Where to Dive with Sharks in Capetown, South Africa

Where to Dive with Sharks in Capetown, South Africa

Although I’m scared of the dark, and have slept with a night light for as long as I can remember, I’m pretty adrenaline seeking. This has included bungee jumping, skydiving (and generally jumping out of things in general) and shark tank diving!

Ethics

Now, I understand that their are many people that have different opinions about this idea in regards to responsible tourism. After talking to people who were both pro and con diving. I decided that I wanted to do it but of course it’s up to you. The way that I see it, it’s not capturing or hurting the shark, and I have friends that were studying the environmental impacts on sharks in Capetown and explained that it doesn’t endanger sharks and if anything demystifies assumptions about them. However, I also have friends that disagree. If you do, please feel free to comment below! I am in no way a shark-expert.

Photo Credit to Henirich Du Pleiss of Shark Tank Unlimited

Is it safe?

If you too googled “is shark cage tank diving safe?” honestly it is. Of course you have to follow the rules and keep your hands and feet inside the cage as directed but other than that it’s not that dangerous, especially if you are not able to hold your breathe that long, you are not actually submerged for that long and they will tell you when the shark is approaching so your only underwater for a minute or two.

Where to go?

There are many places to dive in Capetown, but just know that the sharks are quite far from Capetown since the city is so urban and populated. So, you’re going to have to ride on the boat for a while. And since these days start early, it means quite the wake up call.

For me, after visiting Robben Island (where Nelson Mandela was imprisoned), the ferry ride was so incredibly rocky that people were throwing up and I (a fisherman’s daughter that grew up on a boat) was getting sea sick, I wanted to avoid the Capetown waters as much as possible. I then found an alternative place to dive: Gaansbai Bay. A small town about 2 hours out of the city, it’s quite the drive, but worth it. I’d rather be 2 hours in a car than 2 hours on a rocky boat. Because the town is so out of the way, the sharks are much closer and the boat ride is only around 15-20 minutes in comparison to the hours near Capetown. The tour company will usually pick you up from your accommodation.

What Company Should I Use?

I used Shark Diving Unlimited and loved them. The staff was great, the crew was awesome, we saw sharks, and had a wonderful day. They were very friendly and professional and I felt 100% safe at all times.

What does the day look like?

4:00AM:

Pick-Up (or around that time depending where you’re accommodation is and who else is on your route)

God, I smiled for the photo because it was SO EARLY. 

6:30AM:

Arrival and Breakfast. Sharks Unlimited provides a delicious buffet of hot coffee and a hot breakfast including eggs and sausages and pastries (not just bread and butter!). There’s also a safety briefing that was well done, but you know food. Also, I dive on a regular, so it wasn’t anything new for me.scrambled-eggs-940587_960_720.jpg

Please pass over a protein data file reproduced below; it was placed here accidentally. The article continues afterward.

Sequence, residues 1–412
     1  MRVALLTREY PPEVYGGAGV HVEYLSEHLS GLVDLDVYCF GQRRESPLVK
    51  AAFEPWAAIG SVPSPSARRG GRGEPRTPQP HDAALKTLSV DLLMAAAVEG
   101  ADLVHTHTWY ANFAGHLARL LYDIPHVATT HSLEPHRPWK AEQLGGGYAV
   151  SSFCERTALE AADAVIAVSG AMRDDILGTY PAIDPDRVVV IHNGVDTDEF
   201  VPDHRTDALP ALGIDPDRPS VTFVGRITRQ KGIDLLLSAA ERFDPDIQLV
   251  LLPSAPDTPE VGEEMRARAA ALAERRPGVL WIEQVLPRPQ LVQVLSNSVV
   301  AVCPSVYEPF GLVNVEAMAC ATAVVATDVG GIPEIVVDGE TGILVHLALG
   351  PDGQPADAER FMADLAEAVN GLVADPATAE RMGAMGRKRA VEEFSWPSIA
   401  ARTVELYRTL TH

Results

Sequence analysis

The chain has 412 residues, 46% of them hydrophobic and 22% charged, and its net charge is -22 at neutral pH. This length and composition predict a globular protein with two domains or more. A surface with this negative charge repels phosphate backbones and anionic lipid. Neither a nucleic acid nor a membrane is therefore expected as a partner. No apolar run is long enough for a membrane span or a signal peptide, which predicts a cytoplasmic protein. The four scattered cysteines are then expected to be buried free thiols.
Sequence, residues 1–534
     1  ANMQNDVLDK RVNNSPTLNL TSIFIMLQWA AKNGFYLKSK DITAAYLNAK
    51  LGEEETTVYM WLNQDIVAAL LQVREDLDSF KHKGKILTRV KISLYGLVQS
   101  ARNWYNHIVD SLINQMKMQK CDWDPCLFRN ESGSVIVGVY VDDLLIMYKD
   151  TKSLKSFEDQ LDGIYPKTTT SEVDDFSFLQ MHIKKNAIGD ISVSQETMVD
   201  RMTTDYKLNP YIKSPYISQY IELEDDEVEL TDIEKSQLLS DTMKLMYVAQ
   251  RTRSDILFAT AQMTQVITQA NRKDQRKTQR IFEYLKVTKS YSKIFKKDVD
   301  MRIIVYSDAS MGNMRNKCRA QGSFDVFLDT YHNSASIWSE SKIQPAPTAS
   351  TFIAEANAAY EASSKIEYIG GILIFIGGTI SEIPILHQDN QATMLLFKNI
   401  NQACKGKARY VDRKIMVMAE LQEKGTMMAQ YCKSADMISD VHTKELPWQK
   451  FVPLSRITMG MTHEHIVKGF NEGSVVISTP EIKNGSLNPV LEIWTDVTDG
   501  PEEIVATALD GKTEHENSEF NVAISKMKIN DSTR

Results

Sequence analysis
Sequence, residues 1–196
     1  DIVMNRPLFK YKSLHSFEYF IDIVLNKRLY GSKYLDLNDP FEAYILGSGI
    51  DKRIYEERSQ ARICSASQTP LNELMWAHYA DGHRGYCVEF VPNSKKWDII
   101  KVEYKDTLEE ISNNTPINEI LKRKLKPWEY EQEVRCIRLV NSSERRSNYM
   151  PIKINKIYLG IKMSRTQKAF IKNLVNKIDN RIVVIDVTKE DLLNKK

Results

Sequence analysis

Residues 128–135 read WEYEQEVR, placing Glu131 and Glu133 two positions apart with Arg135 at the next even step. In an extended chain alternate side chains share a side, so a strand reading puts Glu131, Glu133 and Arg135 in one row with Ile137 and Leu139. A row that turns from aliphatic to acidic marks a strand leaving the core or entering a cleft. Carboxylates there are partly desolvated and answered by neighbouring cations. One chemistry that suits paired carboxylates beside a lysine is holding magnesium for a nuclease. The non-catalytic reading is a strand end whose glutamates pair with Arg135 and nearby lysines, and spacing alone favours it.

7:30AM:

Our boat was a little late, but we we’re on our way soon enough.

8:00AM:

We arrived to our location and started suiting up. Wetsuits, face masks, and dive shoes are provided so you don’t really need anything but a bathing suit. Because there are only so many places in the cage, we took turns. The crew has a bait-like buoy that is used to lure the shark closer to the cage and then you go under when it is close.

10:00AM:

After a couple of hours (or depending on the sharks), we headed back.

12:00PM:

You go back to the office and can purchase videos/photos. Shark Diving Unlimited was so kind to us, because of the late crew and hiccups, they actually gave them to us for free! They also provide hot showers and light snacks before heading back on the road.

I’m a frequent scuba diver, and I do believe in tipping the ship crew for a job well done. I’ve been with absolutely terrible dive instructors/crew and it ruins the whole trip no matter what you see. Completely optional, but I think attitude and safety makes all the difference.

3:00PM:

I arrived back at my hostel. For the record I stayed at Ashanti Lodges (but had previously stayed at Atlantic Point which I did not like as much).

Tips and Things I wish I had Known

  1. This is a given but sleep early and pack your things before, especially if you were like me and are staying in a hostel. No one wants to be “that girl” that wakes up the entire room at 3:30AM.
  2. Have some sea-sickness pills on hand. It didn’t occur to me until the night before when it was too late to get any from the pharmacy but luckily my roommate Gian gave me a couple of hers just in case.
  3.  Go to the bathroom before you get on the boat. It’s a long time before you get access to a proper toilet. For anyone who doesn’t dive, you can’t pee in your wetsuit; the neoprene actually keeps the liquid inside the suit as much as possible until you take it off and no crew member wants to deal with that.
  4. Try to schedule the shark tank dive as early as possible on your trip. This excursion is very weather dependant. And most companies will actually allow you to reschedule the trip if you’ve paid the deposit of if you don’t see any sharks. I put this to the end of my trip and was super lucky to have a beautiful day, but I had friends who did the same thing a few days earlier and got on the boat only to see nothing. They couldn’t reschedule because they were flying out the next day. Be conscious of your schedule!
  5. It’s cold. I went in June, and I’m from Canada. It’s cold, yo.

Overall, I don’t think I could have asked for a better day shark cage diving. Thank you Shark Tank Unlimited!

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